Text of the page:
The Culinary Institute of America's Chef Bill shares the foundational mix of vegetables that defines French cuisine USA WEEKEND/Culinary Institute of America


The last time Des Moines chef and restaurateur Michael LaValle was in France was during the November 2015 Paris attacks.

"They shut the borders to the entire country and we were out to dinner with chefs," LaValle said. "I remember Kevin Cooney interviewing me on my phone." 

But LaValle was back in France this week for the Cuisiniers de la Loire Trophy Contest at the Haut-Forez Catering Vocational School in Loire Valley hosted on Tuesday by the Loire Valley Chef's Association.

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The Loire Valley Cuisinaires is a cooking competition that takes place in Saint-Étienne, France — the culinary sister city of Des Moines.

Twelve regional student chefs are given ingredients to create a main dish and a dessert, writing and developing the recipes and preparing them in front of a panel of judges (including LaValle — no pressure) at Haut-Forez Catering Vocational School.

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The ingredients were chicken, lentils, cow's milk cheese and an aromatic liqueur.

This is LaValle's 2nd year attending the event that's dear to his heart with a team of culinary representatives from Des Moines, but it's the 35th year for the chef exchange between the Association of Cooks of the Loire and the kitchen department of DMACC.

"It's right out of Lyon, to me the culinary center of my little universe," LaValle said. "And it brings French culture to Des Moines, so this is a nice new twist to it."

LaValle was accompanied by a Des Moines delegation of 10 well-known metro chefs including close friend chef Robert Anderson, former director of the Iowa Culinary Institute of DMACC.

Other fellow judges included executive chef Matt Uitermarkt of the Des Moines Embassy Club; chef and owner of Trellis at the Greater Des Moines Botanical Garden, Lisa Lavalle, who is also Michael LaValle's wife and business partner; executive chef Randall Brown and general manager Michael Bailey of Des Moines Embassy Club West.

"It started out with chefs staying in our homes when they came to visit," LaValle said. "My three daughters never knew who was going to be sitting at the kitchen table. I've had chefs from Italy, China, Spain come to stay at my home and work with me."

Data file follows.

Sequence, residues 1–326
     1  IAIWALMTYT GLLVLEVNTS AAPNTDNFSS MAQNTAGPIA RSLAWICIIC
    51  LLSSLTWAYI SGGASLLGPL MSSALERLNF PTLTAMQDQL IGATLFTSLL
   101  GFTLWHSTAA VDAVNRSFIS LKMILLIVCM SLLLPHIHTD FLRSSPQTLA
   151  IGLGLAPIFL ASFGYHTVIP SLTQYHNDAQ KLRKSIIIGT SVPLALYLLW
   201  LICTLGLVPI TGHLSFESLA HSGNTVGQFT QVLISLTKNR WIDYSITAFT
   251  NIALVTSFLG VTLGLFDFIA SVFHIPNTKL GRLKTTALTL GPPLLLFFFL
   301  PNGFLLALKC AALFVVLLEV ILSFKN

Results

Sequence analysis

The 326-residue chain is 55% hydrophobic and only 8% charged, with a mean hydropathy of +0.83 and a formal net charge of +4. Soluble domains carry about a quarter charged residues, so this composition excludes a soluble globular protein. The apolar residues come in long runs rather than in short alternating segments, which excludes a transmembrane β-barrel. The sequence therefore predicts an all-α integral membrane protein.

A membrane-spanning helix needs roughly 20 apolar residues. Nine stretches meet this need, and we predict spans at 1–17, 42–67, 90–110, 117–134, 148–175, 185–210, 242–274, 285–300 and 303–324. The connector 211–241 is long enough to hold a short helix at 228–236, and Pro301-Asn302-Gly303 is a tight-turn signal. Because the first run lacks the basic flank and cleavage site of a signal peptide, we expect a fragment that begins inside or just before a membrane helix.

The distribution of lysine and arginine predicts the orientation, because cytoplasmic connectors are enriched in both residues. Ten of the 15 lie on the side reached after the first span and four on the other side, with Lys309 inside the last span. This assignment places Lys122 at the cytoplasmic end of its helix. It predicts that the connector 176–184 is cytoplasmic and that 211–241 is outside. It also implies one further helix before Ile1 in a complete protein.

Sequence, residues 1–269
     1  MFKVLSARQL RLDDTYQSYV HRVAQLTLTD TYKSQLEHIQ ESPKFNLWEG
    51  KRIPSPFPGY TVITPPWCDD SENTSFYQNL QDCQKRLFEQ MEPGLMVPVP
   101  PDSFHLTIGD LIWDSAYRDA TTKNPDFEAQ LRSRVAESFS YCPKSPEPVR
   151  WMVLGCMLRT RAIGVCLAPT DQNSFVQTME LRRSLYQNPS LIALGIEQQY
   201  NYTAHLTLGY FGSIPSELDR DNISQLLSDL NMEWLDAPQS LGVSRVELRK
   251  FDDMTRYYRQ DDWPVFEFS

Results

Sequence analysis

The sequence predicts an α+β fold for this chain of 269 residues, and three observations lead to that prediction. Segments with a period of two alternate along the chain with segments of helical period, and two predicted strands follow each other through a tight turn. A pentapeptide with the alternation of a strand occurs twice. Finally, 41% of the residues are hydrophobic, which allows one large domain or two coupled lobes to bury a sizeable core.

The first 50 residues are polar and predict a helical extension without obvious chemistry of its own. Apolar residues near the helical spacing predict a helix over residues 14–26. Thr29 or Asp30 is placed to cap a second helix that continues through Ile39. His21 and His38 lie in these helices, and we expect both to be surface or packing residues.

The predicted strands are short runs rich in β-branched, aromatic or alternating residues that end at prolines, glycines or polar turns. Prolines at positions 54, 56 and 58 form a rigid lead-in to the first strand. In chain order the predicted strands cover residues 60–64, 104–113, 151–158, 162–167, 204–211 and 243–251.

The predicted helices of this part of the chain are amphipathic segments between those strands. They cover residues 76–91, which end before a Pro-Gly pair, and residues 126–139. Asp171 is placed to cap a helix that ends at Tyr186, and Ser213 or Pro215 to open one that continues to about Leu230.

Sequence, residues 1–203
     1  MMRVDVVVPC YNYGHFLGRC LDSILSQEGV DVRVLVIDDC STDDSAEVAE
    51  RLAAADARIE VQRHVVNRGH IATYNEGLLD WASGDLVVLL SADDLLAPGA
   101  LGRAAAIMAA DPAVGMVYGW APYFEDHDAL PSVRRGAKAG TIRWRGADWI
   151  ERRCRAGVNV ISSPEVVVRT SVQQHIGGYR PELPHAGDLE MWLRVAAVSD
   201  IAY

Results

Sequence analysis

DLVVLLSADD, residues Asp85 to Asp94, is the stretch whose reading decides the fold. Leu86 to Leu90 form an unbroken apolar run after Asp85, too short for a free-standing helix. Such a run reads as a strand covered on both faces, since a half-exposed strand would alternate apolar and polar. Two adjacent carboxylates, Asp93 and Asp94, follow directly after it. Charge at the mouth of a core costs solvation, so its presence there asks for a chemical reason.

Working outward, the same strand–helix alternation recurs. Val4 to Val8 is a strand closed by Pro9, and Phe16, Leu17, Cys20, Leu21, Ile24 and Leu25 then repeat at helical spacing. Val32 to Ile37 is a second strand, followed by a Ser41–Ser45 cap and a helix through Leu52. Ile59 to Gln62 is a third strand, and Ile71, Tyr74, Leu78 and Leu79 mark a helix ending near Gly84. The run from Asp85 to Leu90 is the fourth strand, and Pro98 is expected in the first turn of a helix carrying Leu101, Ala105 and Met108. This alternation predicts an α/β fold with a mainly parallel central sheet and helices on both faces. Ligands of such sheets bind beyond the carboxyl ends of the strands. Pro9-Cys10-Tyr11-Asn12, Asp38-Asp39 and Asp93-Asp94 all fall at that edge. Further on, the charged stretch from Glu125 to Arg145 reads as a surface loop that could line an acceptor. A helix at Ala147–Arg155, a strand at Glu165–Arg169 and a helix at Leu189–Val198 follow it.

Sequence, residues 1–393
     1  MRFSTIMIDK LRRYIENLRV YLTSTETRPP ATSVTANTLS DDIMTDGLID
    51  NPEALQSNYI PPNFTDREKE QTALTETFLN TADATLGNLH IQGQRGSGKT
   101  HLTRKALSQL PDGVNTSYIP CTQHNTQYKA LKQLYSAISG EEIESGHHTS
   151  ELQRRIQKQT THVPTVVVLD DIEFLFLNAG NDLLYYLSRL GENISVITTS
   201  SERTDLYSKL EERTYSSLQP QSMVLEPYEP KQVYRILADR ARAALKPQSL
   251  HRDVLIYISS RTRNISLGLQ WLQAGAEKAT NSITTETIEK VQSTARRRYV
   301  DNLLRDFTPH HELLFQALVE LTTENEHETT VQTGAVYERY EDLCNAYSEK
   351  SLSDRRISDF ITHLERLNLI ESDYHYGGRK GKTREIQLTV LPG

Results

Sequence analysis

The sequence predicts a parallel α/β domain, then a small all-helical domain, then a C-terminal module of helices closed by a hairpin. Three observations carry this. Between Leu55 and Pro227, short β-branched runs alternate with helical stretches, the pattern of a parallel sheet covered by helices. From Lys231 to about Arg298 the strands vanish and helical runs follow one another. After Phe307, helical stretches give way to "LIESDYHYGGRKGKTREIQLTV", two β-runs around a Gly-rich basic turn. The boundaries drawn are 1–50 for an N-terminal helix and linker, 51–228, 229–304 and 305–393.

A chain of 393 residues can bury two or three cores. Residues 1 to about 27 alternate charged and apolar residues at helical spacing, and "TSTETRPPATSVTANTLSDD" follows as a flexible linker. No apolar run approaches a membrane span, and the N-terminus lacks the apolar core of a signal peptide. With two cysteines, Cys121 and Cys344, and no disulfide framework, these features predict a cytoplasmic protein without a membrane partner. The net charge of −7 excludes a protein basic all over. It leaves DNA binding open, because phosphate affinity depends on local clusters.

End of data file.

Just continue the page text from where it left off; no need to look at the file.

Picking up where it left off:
But during this trip, LaValle and crew stayed in the home of French chef Jean Pierre Tholoniat, president of the association of Cuisiniers de la Loire who came to Des Moines in the first year and stayed with LaValle. 

The first place winner of the competition was Gaspard Roumy from Alsace, 20, in his first year at CFA Roannais. Second place went to Caesar Caillat in his first year at the Professional College of Verrières-en-Forez.

This year, like every year for 18 years, LaValle will host the student chef winners of the culinary competition in Des Moines for two weeks in November when they will re-create their winning recipes, do cooking demonstrations and teach cooking classes around the metro.

"No visit to Des Moines by a French chef would be complete without a visit to DMACC," LaValle said. LaValle said for the last two years, the events were called Pork and Pinot.

A few days before the competition on March 31, LaValle sponsored a reception with the president of the Loire Valley Chef's Association for all of the previous years' winners at La Grignotiere restaurant near Feurs about 30 miles from Saint-Étienne, owned by chefs Jerome and Sandree Pelossier

While there, the Des Moines delegation dined their way around the area, touring markets and food production facilities — including a local cattle fair. 

"I've always wanted us to have the community relationship these guys have," LaValle said. "It's nothing for French chefs of a community to get together to throw a fundraiser or a blood drive while feeding people good food. They help each other out."

Saint-Étienne and Des Moines have been sending chefs back and forth for collaboration and culinary diplomacy for many years now.

And LaValle has watched as these students have landed executive chef positions or started their restaurants and catering companies of their own in France. They've been to Des Moines to stay with LaValle and have plaques from Iowa Culinary Institute posted in their dining spaces.

"None of this would've happened without DMACC," LaValle said. "Robert Anderson, Maura Nelson and the DMACC people started this. They have their chef exchange every January. We just took this offshoot of it and co-sponsored it with DMACC."

LaValle said in France, children can decide as early as age 14 to begin the educational and training journey in professional schools called CFAs.

LaValle remembers Des Moines in the 1970s as being an era of continental and classic European cuisine. "I've always been about internationalism and food and I've been trying for 40 years to get Iowa on the world food map." Des Moines now has culinary sister relationships with cities in China, Itlay, France and Spain.

LaValle has even taken a group of Embassy Club chefs to cook for Xi Jinping, President of China

Since then, LaValle has taken from the European model of restaurants during the transition when chefs were becoming much more visible as the star of the show with open kitchens and celebrity status.

LaValle said he was one of the first chefs in Des Moines to own a restaurant in 1984 — LaVal's at 112 Fifth St. in West Des Moines. And now, with celebrity chefs taking the spotlight, LaValle said the level of professionalism has diminished.

"All the celebrity stuff is great, but show me your dining room tonight," LaValle said. "Who's in there and how much are people enjoying dining there? That's the test for me."

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